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What I Learned From Divorce

Self | Emeri McGuire | 6 mins

Grief has a way of being a full-body experience. Suddenly, sleep is scarce, tears begin to flow at the drop of a hat, and the most enjoyable parts of life begin to feel impossible. Divorce was never in the plan for me and when I realized it was going to happen, whether I wanted it or not, grief set in thick. It’s amazing how many thoughts you can have at one time while tears are flowing down your face. Would I ever be happy? Would I lose my community, my friends? How will I tell my mom? 

One early morning after giving up on sleeping, I picked up my guitar and started playing. Music has always been the way I let my emotions and thoughts out to God. Being alone with a piano or guitar has always been my safest place. It’s amazing how, through music, God can hear the painful and joyful details of my heart. I started writing the words, “You’re all I have to hold onto, nothing else will do. Even in the chaos, I know I belong to you. You’re all I have to hold onto and you’ll see me through. In uncertainty, I still believe your word is true. You are faithful.” Those lyrics represented a raw conversation between God and myself. As His presence inspired me to write, I was reminded that I wasn’t alone. God was with me. He’d been with me through heartbreak before. He’d been with me through the death of my friend and the death of my grandma. He was there through my highest and lowest points in life. I remembered what His presence felt like and how many times during worship or a time of prayer I would hear His voice. While trying to hold this marriage together by every thread allotted to me, I had missed His voice. In this posture of worship and repentance, my healing began. 

So, what did I learn? I began going to counseling and learned about healthy boundaries. I gained tools to help my thoughts to process in a way that would move me forward. Most importantly, I learned about identity. I had placed so much of my identity in my marriage and my job, but that’s not who I was. I believed if my ex-husband didn’t stay, then I must have been a bad wife, a bad friend, a bad Christian, a bad person. I wholeheartedly believed that if I changed how I dressed, how I talked, how I acted, my passions, etc., that I would convince my husband to love me and not leave me.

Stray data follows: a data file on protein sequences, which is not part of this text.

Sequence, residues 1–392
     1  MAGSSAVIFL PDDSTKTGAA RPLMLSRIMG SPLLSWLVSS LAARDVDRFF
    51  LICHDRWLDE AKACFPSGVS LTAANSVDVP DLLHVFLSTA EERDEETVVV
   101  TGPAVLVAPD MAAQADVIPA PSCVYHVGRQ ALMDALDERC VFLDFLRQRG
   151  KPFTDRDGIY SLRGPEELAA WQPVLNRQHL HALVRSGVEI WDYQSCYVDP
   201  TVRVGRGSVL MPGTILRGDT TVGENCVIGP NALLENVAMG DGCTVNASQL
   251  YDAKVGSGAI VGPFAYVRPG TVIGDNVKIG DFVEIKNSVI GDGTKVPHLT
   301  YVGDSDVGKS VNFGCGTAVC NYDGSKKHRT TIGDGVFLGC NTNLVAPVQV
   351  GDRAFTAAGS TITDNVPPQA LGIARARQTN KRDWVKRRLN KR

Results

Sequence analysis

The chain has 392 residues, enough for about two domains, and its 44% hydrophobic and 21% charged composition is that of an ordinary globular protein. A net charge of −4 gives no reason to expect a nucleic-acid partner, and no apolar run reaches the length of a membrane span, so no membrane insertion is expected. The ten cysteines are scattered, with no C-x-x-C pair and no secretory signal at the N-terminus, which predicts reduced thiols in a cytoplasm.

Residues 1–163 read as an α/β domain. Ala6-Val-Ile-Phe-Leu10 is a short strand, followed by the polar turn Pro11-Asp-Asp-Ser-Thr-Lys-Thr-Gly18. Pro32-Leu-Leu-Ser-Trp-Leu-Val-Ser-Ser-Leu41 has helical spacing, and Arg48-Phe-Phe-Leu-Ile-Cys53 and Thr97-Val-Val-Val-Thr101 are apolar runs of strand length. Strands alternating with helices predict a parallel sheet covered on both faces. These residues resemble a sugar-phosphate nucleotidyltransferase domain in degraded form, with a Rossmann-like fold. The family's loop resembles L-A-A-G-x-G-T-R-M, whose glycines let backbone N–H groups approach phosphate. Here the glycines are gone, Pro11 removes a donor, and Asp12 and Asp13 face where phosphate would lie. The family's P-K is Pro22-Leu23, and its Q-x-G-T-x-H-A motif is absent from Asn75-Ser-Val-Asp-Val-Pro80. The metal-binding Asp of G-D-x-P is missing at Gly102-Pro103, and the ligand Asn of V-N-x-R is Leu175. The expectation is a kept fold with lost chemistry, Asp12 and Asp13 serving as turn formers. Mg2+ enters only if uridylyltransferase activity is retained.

When those thoughts crept in, I had to work hard to replace them. They were lies that the truth would cripple. So, I turned to the Bible. Philippians 4:8-9 says, “Finally, brothers and sisters, whatever is true, whatever is noble, whatever is right, whatever is pure, whatever is lovely, whatever is admirable—if anything is excellent or praiseworthy—think about such things.” That was huge for me.

Several Scriptures speak to who we are and how God views us. When I have to replace my thoughts, I replace them with things I know are true from the Bible. That I am adopted as a child of God (Ephesians 1:5), purposely knitted together and wonderfully made (Psalm 139), I am not forsaken (Deuteronomy 31:8), and that I am fully known and fully loved (Psalm 139, 1 John 4:9-11). One of my favorite chapters of Scripture that helped me through my divorce was Romans 8. It reminded me that I didn’t have to hold onto all the things that had happened to me; I didn’t have to be defined by the words spoken to me in anger. I could give them up to God and allow Him to love me. His love changed everything.

Where am I now? God has done more in my life than I ever could have imagined. I’m remarried and have been blessed with a beautiful stepdaughter and baby girl. My husband is my biggest supporter and best friend. I didn’t know this amount of joy could be on the other side of so much pain, but I am so grateful to God that He has given me an opportunity to have a healthier relationship that’s truly centered on Him and Him alone. He is the common ground my family is built on. 

Maybe you are going through a season of grief today as you’re reading this. It’s okay to tell God how you feel - the good, bad, ugly, all of it. He hears you, and He is with you. It’s okay to seek professional help, and you should! God created us to live life with community, where we each have different strengths and weaknesses. Now that I’ve gone through what I’ve gone through, I can use that experience to help others who may be struggling, too. 

Written By

Emeri McGuire

Wife, mom/stepmom, songwriter, music lover, Worship Pastor at Sun Valley Community Church. Aspiring comedian. 

Published on Aug 4, 2021